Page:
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  • Writer's pictureColliers | Columbus


Written by: Hannah Williams, CPRC

Hannah specializes in research capabilities, providing support for the Colliers Columbus Office, Industrial, Retail, and Multifamily Groups. She is responsible for executing data reports, maintaining a commercial property database, reporting quarterly trends, performing data analysis and utilizing statistical information to predict future behavior in the market. She also assists the marketing and research director on special projects and corporate initiatives. Keep reading to get Hannah’s take on market trends in the Columbus office and industrial sectors.


The Columbus industrial market continued a strong year with a record third quarter, posting 3,660,680 square feet of positive net absorption. The ongoing COVID-19 pandemic has caused the already rising e-commerce industry to skyrocket in recent months, indicated by an influx of demand from these types of users. Due to this sustained demand, Columbus has seen absorption greater than 1 million square feet in 12 of the past 13 quarters. Additionally, this quarter marks the highest absorption in a single quarter since 2016. Despite recording positive absorption, vacancy slightly increased to 4.9 percent, as nearly 1 million square feet of new available speculative development was added to the market. This first-class space also caused overall and warehouse/distribution rates to rise, to $3.88 per square foot and $3.67 per square foot, respectively. In the past quarter, more than 4 million square feet of product broke ground and the number of users looking for industrial space increased from 102 to 120 tenants, demonstrating the strength of the industrial market. Central Ohio can expect continued activity in coming months as COVID-19 fuels growth in the industrial sector.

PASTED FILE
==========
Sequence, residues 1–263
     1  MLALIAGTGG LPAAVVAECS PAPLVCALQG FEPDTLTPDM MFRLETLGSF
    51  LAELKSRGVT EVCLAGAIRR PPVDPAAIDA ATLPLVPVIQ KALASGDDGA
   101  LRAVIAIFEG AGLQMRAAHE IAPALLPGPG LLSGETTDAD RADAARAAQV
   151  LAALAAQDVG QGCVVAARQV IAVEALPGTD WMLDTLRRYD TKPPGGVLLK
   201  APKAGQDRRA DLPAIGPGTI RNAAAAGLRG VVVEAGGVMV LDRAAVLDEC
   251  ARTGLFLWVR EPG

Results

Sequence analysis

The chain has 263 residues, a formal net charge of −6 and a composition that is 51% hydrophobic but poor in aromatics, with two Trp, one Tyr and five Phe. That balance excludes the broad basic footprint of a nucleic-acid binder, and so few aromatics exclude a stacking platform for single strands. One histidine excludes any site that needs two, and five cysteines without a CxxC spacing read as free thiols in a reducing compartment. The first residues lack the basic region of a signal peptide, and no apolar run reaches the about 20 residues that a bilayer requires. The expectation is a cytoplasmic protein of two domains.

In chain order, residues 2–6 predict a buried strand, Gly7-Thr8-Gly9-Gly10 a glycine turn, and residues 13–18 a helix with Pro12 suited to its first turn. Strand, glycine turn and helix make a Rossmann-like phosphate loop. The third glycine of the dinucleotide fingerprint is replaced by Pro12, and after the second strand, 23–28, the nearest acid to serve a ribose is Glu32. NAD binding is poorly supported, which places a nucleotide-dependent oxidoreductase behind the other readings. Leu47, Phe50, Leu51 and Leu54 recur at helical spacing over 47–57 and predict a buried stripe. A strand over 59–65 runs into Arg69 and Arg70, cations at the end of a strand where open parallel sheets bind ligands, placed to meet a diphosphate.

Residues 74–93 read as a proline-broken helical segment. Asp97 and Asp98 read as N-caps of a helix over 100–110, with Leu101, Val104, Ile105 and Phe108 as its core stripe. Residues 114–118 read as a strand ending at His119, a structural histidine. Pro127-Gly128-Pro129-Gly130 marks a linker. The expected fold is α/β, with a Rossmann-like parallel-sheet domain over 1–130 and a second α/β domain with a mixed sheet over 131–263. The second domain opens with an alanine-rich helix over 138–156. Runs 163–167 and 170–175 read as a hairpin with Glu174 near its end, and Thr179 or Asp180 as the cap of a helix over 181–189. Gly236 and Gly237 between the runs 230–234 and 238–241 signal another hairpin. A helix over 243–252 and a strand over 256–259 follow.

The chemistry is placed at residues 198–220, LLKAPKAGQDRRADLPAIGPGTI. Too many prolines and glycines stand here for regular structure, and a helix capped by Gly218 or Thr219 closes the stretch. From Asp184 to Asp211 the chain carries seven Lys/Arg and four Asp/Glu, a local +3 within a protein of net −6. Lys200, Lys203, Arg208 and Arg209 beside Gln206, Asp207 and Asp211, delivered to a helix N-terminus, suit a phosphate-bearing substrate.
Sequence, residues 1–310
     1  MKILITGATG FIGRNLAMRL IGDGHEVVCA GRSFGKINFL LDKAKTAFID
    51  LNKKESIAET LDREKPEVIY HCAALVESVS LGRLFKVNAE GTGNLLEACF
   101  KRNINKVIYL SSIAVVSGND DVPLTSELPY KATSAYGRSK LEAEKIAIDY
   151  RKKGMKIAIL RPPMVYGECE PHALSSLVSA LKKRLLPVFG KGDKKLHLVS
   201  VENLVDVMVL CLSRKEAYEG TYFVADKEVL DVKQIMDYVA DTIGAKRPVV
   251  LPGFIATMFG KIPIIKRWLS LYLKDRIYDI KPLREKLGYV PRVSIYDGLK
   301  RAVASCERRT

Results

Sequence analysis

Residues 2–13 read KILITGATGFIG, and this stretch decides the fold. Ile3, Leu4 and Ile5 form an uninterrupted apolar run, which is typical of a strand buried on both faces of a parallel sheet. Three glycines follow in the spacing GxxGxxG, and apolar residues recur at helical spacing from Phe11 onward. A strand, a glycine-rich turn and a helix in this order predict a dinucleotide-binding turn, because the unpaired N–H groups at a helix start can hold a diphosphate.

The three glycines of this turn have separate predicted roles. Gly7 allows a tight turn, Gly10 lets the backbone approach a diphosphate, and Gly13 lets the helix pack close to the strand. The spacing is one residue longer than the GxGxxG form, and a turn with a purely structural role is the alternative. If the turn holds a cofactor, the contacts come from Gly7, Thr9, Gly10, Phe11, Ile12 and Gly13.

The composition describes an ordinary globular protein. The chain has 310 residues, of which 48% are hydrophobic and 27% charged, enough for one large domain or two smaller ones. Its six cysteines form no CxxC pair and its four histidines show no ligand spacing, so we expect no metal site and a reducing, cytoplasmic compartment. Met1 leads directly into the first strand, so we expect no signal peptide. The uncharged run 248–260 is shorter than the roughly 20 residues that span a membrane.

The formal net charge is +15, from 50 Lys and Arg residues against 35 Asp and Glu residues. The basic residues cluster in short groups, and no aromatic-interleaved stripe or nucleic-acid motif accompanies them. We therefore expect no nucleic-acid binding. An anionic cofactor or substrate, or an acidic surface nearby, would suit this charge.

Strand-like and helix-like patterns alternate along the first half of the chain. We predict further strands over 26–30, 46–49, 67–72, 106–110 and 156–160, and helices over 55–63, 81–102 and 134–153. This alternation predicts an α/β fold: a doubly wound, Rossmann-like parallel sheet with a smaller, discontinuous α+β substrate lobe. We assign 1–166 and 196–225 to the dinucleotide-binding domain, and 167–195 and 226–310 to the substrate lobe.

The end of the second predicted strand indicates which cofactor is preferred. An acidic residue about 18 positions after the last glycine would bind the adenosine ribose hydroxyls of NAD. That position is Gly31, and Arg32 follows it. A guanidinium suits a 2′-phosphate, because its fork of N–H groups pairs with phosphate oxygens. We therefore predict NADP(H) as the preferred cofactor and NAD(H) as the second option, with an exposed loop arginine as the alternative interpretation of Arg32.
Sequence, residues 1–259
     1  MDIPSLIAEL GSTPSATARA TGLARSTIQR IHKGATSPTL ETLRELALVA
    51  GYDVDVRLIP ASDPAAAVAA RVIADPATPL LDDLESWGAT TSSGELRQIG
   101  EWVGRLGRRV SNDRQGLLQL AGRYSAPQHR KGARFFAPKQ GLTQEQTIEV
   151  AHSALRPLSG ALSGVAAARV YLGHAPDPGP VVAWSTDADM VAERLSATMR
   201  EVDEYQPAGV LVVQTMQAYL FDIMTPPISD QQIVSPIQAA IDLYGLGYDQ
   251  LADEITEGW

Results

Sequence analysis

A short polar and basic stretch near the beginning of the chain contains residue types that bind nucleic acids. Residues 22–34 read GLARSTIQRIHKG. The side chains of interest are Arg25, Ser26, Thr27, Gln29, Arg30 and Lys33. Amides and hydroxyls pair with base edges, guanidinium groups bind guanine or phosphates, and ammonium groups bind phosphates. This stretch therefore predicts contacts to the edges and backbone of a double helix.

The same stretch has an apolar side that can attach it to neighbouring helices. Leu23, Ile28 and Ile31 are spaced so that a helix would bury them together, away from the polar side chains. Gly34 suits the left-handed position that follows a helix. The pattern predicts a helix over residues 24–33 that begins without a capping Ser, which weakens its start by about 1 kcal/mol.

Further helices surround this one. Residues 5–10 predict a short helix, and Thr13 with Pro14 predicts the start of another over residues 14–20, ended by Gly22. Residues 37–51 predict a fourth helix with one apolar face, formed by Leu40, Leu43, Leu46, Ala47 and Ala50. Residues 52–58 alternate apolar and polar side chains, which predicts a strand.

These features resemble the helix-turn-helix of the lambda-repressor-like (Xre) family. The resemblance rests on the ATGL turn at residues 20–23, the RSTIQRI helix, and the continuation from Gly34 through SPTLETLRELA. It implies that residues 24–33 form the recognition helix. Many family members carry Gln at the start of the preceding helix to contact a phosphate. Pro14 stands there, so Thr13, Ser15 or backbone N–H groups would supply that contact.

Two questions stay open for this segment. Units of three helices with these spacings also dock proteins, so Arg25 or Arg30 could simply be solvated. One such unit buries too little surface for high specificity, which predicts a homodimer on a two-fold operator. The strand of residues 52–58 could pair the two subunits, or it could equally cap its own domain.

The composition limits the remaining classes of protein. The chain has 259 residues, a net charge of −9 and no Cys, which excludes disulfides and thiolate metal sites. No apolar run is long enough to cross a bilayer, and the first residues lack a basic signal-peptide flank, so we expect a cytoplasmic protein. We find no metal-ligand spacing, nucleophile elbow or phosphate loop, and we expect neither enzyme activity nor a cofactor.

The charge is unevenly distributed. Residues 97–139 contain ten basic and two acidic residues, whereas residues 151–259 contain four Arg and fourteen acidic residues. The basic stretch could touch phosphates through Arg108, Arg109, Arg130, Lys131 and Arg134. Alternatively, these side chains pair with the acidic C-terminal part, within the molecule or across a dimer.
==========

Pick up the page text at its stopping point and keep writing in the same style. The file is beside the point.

The Columbus office market started to feel the effects of the ongoing COVID-19 pandemic, recording negative net absorption of 664,924 square feet in the third quarter. Nearly 500,000 square feet of this can be attributed to sublease vacancy that has come on the market, compared to direct vacant space which has not significantly risen this year. This added sublease space also caused the overall vacancy rate to rise to 10.58 percent. Despite sublease vacancy increasing, direct vacancy remains stable, rising only by a quarter percentage to 9.37 percent this quarter. Overall asking rates remained steady at $19.18 per square foot, with Class A rates slightly decreasing to $21.29 per square foot. In order to compete with the large amount of sublease space, landlords are expected to slightly decrease asking rates which will consequently drive overall rates down in coming quarters. On a positive note, this quarter marks the highest construction activity since 2017, with 1,445,608 square feet of development underway. Additionally, the number of users looking for office space increased from 98 to 113 tenants in recent months, indicating an increase in tenant demand for space. As the office sector adapts to a post-COVID-19 world, Columbus can anticipate a slow recovery moving forward.

CLICK HERE to access the full Q3 Office and Industrial Trends Reports.

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